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The Aussie city where it’s cheapest to be a first-home buyer

Hobart property. (Photo: Getty)

The future of Australia will look different depending on which political party wins Saturday’s federal election.

But one thing is for sure: no matter which party emerges victorious, first-home buyers will be the winners.

The Coalition’s First Home Loan Deposit scheme, announced on Sunday and quickly matched by Labor, will mean 10,000 people earning up to $125,000 will be able to pay just a 5 per cent deposit on their first house instead of the current 20 per cent.

This would mean a big leg-up to Sydneysiders and Melbournians who now stand to have $134,550 and $108,750 shaved off their deposit, according to Finder analysis of CoreLogic figures.

Despite the chill sweeping across the national property market, Sydneysiders still pay the most for a house, with the average property costing $897,000.

However, it’s residents of Hobart – who already enjoy median house prices of $460,000, the lowest of all capital cities in Australia – that will be paying the least for their deposit.

Under the scheme, Aussies wanting a crack at the Hobart property market will only need $23,000 – the lowest in the country – instead of $92,000.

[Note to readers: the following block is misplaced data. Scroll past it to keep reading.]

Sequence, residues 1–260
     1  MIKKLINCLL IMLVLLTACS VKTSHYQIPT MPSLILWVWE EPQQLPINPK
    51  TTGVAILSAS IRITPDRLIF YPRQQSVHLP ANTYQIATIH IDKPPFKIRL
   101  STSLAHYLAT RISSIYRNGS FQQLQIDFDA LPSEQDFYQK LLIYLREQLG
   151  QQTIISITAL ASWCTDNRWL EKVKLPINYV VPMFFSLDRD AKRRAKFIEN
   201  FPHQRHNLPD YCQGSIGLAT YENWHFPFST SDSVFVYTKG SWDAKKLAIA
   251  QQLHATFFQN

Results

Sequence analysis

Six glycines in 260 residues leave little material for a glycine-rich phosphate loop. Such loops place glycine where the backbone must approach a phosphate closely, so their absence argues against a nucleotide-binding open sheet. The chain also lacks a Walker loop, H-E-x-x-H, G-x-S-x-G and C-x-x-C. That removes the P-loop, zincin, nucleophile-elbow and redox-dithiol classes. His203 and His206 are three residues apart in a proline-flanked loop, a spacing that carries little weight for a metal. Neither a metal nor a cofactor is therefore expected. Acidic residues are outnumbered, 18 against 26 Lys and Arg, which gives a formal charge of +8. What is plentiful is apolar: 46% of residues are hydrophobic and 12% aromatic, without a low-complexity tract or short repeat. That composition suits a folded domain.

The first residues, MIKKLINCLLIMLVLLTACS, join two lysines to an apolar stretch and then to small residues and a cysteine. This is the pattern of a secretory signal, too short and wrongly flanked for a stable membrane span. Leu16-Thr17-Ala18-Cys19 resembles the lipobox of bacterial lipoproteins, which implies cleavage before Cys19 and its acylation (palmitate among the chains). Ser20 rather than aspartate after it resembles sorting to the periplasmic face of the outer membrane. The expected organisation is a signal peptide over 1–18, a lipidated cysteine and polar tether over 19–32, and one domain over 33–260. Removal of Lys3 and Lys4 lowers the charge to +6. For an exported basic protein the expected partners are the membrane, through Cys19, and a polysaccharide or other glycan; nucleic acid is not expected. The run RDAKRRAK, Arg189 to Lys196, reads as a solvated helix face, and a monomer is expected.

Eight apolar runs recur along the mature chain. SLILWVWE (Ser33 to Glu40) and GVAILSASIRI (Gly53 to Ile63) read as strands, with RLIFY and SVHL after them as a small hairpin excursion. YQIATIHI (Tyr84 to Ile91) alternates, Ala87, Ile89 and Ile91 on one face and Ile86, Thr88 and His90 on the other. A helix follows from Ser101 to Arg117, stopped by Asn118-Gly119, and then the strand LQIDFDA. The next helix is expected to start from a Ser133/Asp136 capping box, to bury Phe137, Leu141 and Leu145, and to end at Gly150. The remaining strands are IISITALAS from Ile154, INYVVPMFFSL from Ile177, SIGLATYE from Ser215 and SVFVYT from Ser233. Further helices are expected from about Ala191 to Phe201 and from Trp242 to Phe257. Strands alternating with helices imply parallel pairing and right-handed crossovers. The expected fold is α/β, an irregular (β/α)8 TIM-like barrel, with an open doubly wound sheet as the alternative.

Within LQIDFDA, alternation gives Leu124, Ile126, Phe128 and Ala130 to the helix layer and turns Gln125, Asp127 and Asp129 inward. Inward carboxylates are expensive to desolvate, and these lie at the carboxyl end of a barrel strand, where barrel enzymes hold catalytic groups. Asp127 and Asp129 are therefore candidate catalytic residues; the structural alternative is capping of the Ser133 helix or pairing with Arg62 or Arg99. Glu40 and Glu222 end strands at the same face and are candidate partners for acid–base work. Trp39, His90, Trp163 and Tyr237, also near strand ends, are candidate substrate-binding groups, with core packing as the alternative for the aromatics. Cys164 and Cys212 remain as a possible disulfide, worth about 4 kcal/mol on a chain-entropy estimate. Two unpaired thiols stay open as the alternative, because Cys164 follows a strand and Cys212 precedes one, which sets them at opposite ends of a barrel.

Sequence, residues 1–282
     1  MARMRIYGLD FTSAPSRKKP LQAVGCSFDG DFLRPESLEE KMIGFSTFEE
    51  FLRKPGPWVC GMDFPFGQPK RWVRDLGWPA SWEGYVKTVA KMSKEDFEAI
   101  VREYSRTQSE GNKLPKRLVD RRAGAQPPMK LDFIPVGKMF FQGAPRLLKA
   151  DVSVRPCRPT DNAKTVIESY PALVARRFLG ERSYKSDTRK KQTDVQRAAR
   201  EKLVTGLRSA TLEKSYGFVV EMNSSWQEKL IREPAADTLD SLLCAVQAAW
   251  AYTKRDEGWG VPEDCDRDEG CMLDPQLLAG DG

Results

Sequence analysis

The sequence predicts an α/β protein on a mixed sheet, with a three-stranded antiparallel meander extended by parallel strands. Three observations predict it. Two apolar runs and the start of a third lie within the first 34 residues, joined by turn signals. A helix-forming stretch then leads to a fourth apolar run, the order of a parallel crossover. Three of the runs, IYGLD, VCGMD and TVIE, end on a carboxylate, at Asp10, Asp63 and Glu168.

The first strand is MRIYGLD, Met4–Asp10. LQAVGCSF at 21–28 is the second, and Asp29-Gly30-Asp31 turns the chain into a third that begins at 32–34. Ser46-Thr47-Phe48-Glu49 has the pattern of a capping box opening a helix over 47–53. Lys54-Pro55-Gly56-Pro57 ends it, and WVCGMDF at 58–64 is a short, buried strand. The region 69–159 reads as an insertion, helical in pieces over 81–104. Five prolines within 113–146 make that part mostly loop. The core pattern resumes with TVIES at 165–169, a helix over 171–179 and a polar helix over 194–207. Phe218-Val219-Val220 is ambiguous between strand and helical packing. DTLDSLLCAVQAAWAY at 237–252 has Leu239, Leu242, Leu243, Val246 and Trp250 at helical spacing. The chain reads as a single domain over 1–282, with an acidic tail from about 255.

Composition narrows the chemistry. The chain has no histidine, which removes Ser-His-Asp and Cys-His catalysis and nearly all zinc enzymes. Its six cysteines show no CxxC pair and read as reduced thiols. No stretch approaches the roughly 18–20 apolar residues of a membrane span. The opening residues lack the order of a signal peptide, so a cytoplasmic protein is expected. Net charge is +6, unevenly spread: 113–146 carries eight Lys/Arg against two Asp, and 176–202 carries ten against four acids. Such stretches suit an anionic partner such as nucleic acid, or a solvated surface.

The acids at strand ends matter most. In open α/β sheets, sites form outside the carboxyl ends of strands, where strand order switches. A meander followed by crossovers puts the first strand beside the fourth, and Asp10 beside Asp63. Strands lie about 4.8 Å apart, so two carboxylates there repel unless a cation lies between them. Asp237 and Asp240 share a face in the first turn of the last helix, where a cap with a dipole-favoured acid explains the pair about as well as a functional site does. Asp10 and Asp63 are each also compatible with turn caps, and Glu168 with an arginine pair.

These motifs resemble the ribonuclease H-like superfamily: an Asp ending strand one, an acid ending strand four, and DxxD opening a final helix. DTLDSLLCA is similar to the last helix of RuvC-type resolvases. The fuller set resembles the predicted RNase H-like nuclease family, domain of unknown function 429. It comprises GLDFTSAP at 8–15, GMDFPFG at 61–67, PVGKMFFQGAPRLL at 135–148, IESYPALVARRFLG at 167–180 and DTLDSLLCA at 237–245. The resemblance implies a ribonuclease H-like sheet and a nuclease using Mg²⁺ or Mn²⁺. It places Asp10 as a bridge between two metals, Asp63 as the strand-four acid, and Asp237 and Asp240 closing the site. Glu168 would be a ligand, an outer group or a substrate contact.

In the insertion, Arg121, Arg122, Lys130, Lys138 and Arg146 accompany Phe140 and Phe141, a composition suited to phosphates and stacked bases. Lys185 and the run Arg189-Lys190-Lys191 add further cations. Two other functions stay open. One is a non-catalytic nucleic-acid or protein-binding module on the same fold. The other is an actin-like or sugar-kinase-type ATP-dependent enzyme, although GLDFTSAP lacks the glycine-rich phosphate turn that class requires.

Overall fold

This is followed closely by Adelaide, where the deposit will fall from $98,000 to $24,500, a difference of $73,000.

Here’s how much less you’ll need for your deposit under the scheme, according to Finder:

(Source: Finder, CoreLogic April 2019 figures)

Part of the scheme is that first-home buyers will also not need to buy Lender’s Mortgage Insurance (LMI) that can cost up to $10,000.

“While 5 per cent deposit loans are not uncommon, what’s really shaking things up is the ditching of lenders mortgage insurance (LMI), which will make these kinds of mortgages cheaper,” said Finder personal finance expert Kate Browne.

“This is quite a significant saving, but LMI is not necessarily an upfront cost and therefore doesn’t have to stop first home buyers entering the market.”

But the scheme isn’t without its risks, Browne warned.

“You’re entering into a 30-year contract – you want to make sure you can afford repayments over the long term not just this election year,” she said.

Buyers should factor in a buffer of 2-3 per cent on top of their current interest rate to make room for future rate hikes, she advised.

“It’s not something everyone thinks about at the time of purchasing property, but it’s a crucial consideration.”

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